I’m really interested in a common theme, one which the SLA2011 conference really hammered home for me. All of them have talked about the need for for a little chaos. They’ve all talked about the need to build in the potential for chaos into the fabric of librarianship and the libraries we work in – to deal with what Stephen calls the “asynchronous, asymmetrical threats” libraries are facing. He believes the only way to deal with this is through pattern disruption (and incidentally, points out that pattern disruption is a lot easier to achieve with people than it is with buildings or books). In other words, mixing things up. Not just plodding along the same old route.
I think that chaos – deliberate, sanctioned chaos – is very, very hard to engineer. The whole thought of engineered chaos is almost oxymoronic anyway. You can only build in the potential for chaos but you can’t be completely sure you’ll be able to decide what that chaos will be. So you have to be really brave.
I think that bravery based librarianship is the only future we have. At some point, we have to disrupt the patterns and set a new path. Many libraries are doing this already – our profession is, of course, much more responsive to change than most people realise. But fear-based librarianship, or at least caution-based, still seems prevalent. Many a decision is made in order not to upset the minority, rather than to potentially please a whole new majority. In many cases, this approach is taken with good reason. But we’re talking about the survival of our profession, here.
But what strikes me is how often I hear about bravery-based librarianship that goes well. There were loads of these at SLA2011. So many times when libraries take the plunge on some decision or other, the outcomes are positive. I know failure is less likely to make it into the public eye, but even so enough people are trying interesting things and discovering that – hey, guess what – the world DIDN’T end and the earth DIDN’T swallow them up, and in fact everything carried on, but slightly better. So we should learn from them.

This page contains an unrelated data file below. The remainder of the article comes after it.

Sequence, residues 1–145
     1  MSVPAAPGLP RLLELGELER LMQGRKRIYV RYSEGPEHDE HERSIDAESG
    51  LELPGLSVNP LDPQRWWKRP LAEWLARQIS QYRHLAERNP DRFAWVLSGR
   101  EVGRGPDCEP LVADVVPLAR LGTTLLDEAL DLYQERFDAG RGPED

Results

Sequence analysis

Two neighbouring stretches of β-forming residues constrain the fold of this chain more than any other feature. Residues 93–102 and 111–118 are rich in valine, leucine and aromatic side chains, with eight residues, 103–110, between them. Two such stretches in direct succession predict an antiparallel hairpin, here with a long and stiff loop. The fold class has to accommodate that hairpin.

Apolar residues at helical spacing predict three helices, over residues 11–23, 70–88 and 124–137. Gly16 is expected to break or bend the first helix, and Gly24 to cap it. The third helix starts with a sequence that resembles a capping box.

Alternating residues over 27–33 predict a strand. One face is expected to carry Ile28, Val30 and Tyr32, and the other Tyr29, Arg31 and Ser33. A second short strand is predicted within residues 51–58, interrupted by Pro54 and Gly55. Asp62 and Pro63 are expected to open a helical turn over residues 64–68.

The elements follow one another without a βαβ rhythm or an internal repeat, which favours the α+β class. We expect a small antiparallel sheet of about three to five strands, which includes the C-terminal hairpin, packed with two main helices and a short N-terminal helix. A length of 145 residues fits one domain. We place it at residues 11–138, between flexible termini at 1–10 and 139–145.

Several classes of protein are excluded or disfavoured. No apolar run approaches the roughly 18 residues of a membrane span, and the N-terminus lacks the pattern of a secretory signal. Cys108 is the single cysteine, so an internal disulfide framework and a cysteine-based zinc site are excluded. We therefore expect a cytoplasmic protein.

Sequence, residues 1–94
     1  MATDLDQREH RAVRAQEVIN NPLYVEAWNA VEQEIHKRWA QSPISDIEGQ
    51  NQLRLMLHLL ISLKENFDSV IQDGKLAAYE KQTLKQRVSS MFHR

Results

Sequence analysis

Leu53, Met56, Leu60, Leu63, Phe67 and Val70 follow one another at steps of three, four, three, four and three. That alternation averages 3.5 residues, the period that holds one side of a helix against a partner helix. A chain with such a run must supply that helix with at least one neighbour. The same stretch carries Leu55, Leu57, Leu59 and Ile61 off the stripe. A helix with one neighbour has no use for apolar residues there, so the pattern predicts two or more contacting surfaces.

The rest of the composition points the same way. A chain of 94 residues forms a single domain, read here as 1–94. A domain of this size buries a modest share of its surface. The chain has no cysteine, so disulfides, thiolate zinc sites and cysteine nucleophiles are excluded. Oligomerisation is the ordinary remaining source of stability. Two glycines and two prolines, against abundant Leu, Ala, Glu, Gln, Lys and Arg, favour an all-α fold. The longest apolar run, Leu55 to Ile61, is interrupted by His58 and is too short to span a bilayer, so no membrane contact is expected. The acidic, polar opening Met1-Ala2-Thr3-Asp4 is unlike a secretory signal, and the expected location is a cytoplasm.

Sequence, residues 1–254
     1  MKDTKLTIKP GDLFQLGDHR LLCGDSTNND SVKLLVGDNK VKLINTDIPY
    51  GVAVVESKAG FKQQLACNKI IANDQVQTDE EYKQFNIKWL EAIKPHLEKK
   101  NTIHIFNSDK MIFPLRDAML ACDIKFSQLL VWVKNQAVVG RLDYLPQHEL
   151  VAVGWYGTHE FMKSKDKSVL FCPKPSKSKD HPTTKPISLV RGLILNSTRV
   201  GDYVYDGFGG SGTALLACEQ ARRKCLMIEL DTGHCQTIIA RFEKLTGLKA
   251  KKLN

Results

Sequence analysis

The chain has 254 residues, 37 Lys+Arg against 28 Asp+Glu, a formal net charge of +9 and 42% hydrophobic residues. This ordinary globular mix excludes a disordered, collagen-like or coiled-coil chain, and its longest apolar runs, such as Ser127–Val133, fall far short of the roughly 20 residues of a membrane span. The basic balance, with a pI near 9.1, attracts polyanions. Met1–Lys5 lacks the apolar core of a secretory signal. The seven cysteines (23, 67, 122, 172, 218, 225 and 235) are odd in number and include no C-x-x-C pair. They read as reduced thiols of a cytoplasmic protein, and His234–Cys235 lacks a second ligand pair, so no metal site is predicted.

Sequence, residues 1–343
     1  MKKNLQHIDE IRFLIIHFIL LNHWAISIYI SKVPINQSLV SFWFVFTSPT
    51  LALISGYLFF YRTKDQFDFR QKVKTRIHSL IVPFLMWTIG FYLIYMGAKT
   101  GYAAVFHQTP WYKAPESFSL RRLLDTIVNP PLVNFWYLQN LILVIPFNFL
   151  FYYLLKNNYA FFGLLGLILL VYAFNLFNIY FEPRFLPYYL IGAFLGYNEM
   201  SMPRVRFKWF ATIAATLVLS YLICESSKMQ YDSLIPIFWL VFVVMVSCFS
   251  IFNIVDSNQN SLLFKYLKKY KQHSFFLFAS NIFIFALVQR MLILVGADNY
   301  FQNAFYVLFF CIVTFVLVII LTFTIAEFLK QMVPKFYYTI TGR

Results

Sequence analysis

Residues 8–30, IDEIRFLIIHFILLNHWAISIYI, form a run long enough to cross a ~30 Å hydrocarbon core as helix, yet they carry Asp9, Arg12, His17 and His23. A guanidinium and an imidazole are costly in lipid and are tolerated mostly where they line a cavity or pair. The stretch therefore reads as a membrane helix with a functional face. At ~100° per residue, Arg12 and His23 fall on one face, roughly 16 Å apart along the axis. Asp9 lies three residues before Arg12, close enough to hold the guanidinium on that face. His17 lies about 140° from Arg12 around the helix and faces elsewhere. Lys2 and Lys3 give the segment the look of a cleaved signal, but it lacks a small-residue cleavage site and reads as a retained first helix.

So many great ideas get bottlenecked by trying not to upset people. We are at a time when we need to inspire people, not protect their delicate sensibilities. Merely not failing is no longer enough. We have to succeed in such a way that the odd failure happens too – otherwise we’re not speculating enough to accumulate sufficiently. And I’m not talking about whole libraries, I’m talking about the ideas which drive them. Can we get ourselves into a collective mindset where we don’t fear chaos?
If you have an example of bravery-based librarianship, either succeeded or failing, I’d love to hear it in the comments.
Andy Priestner, another librarian for whom I have much admiration, is a good example of someone who has reached a senior position and still innovates, forward-thinks, and generally terrorises the establishment. (He’s even employed a Special Projects Officer who has the freedom to make chaos happen, in a good way, because they’re not tied in to the daily grind of the library. This is, thus far, the only clear example I’ve seen of what Jim Neal advocates – to build in to your organisation at least one position with real freedom to innovate, react with agility, focus on new ideas and so on.) What Andy does at Cambridge works! Bravery-based librarianship really can be done.
* I didn’t actually meet Jim Neal in the end. He did a talk at my previous institution, and it was amazing – I queued to meet him but ahead of me in the queue were all the really senior people in the organisation, including my boss and the librarian etc. So I thought they’d think I was out of place, and he probably wouldn’t want to be bothered, so wussed out and left. Later, I found out he knew who I was because of the Movers and Shakers thing, and wanted to meet me. Moral of the story – if you get the chance to meet someone inspirational, just take that chance and filter out all the things which might cause you to leave instead! Don’t let caution get the better of you; bravery FTW.